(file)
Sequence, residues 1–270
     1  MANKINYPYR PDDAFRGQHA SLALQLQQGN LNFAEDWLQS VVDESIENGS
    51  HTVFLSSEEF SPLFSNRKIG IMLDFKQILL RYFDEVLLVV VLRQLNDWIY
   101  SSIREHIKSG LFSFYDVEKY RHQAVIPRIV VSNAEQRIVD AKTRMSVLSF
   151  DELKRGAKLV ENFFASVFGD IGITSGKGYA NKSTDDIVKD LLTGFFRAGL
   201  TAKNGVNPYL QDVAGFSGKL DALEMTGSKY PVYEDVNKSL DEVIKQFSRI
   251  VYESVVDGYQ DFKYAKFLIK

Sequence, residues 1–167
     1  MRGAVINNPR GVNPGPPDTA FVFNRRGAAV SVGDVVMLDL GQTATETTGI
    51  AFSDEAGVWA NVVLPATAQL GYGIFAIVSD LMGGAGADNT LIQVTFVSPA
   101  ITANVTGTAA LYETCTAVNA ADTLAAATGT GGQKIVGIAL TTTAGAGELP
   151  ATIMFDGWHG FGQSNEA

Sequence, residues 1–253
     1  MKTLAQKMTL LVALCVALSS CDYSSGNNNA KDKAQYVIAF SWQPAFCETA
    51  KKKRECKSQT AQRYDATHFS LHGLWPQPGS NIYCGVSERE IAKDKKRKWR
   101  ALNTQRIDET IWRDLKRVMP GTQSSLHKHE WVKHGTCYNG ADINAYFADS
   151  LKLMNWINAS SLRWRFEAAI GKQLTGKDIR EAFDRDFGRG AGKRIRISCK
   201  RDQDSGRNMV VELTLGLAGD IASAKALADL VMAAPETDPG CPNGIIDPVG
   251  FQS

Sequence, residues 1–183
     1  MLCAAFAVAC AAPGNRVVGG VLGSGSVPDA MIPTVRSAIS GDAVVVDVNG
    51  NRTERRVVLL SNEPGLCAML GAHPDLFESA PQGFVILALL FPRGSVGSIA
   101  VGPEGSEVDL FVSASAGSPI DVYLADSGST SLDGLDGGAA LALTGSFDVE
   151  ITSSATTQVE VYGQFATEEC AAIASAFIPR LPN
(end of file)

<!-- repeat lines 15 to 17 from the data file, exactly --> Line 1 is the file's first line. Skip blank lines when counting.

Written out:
    51  KKKRECKSQT AQRYDATHFS LHGLWPQPGS NIYCGVSERE IAKDKKRKWR
   101  ALNTQRIDET IWRDLKRVMP GTQSSLHKHE WVKHGTCYNG ADINAYFADS
   151  LKLMNWINAS SLRWRFEAAI GKQLTGKDIR EAFDRDFGRG AGKRIRISCK